Interested in how to sell antiques online? Whether seeking to sell things as hobby or career, opening a virtual antiques or vintage business can be fun and lucrative. Online marketplaces like eBay, Etsy, Ruby Laneand others provide readymade platforms to set up shop. Vendors can reach an international customer base – and increase opportunities for sales – without leaving home.
Yet, selling antiques online is not as simple as upload and go. Understanding marketplace policies and learning tricks of the internet trade can be overwhelming. Savvy sellers do their homework.
E-commerce is bustling. Just as rows of booths vie for foot traffic at flea markets, scrolls of online shops compete for patrons to stop and click. Carve a niche or play up personal style to stand out. Consider trends, but also establish a reputation for being a go-to shop for one-of-a-kind finds.
The policies of each marketplace vary, but sellers can expect to incur some combination of service charges. One-time fees may cover initial setup and item listing, but some host sites offer free listing. Monthly maintenance fees may also apply depending on the number of items posted.
Marketplaces may also charge payment processing fees. These differ from commissions, which are percentages taken from each sale. Typically, if the platform takes a commission it does not also charge setup and maintenance fees.
Ruby Lane, for instance, charges no commissions on the selling price, but vendors pay a monthly fee, depending on how many listings they feature on the site.
3. Choose marketplaces with the right vibe
Selling online is all about reaching target audiences. Let inventory be your guide. Is it best described as luxe or minimalist? Modish or funky? Folksy or knick-knacky?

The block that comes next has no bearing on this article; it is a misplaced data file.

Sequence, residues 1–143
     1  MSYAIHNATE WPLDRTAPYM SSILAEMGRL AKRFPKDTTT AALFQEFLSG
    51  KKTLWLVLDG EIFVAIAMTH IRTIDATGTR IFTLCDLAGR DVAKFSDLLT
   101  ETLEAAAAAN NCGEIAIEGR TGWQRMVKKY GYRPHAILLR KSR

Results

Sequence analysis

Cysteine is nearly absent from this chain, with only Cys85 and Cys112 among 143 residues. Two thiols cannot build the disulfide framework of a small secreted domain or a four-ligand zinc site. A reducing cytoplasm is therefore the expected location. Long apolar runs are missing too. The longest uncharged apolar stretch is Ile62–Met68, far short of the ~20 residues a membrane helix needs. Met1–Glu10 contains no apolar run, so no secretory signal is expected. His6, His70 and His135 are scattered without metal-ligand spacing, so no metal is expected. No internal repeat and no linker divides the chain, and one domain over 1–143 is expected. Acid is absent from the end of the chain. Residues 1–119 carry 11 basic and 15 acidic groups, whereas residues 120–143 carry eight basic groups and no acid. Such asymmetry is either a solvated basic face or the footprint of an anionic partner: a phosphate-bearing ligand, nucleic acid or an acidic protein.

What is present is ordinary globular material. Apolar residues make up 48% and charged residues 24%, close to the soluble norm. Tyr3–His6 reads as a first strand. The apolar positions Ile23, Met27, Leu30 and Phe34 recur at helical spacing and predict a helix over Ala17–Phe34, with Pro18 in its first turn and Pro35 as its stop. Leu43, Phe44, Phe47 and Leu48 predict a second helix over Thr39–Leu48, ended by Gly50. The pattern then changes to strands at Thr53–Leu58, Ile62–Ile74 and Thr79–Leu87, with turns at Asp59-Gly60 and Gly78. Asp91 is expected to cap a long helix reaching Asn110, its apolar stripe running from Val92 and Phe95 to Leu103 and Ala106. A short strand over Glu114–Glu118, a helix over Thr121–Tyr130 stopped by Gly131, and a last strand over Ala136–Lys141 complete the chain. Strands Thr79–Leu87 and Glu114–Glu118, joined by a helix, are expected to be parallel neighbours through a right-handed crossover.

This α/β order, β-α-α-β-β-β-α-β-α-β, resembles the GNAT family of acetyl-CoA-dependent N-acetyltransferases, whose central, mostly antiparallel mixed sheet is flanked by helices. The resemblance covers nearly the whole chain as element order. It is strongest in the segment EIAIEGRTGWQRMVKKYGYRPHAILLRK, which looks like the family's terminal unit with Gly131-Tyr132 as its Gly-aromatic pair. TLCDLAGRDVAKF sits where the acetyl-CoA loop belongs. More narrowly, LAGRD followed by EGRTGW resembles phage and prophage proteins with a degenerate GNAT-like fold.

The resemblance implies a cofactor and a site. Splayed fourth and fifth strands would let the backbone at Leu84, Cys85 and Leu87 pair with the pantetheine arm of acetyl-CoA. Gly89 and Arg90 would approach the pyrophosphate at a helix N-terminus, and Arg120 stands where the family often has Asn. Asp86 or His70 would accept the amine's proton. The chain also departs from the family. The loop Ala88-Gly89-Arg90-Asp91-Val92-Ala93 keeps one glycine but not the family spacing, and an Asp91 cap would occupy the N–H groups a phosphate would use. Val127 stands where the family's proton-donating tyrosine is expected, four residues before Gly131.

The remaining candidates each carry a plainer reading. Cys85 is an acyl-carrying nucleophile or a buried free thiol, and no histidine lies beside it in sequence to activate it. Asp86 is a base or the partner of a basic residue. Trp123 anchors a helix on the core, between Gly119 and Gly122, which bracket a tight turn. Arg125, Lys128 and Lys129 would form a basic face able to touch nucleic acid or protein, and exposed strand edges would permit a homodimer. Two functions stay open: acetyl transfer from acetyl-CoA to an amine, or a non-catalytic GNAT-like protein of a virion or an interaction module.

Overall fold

Some marketplaces tailor toward high-end antiques like 1stdibs, while others offer a range of affordable merchandise. Explore the many online flea market options – even cross-list items on several sites. Marketplace personalities can overlap, making more than one a good fit (and a good how to sell vintage online strategy). The right choice also depends on whether you are selling online to make some money on the side, or wether you are running a full-fledged antiques business.
4. Sell online with a secure provider
Fraud is bad for business. Therefore, take precautions to protect customer credit card digits from hackers. Verify that the marketplace uses a securepayment network such as an SSL-encrypted platform. SSL certificates protect sensitive transaction information such as personal addresses and credit card numbers.
How to check? Marketplaces that provide secure online transactions display a padlock or unbroken key icon on their site. Also read the site’s privacy statement. A reputable marketplace discloses how it secures personal information and what, if any, is exchanged with third parties.
5. Take pictures that snap
Pictures, that’s right, they are worth a thousand words. Photos make first impressions as potential customers scroll through thousands of thumbnail image results. But how to take eye-catching pics?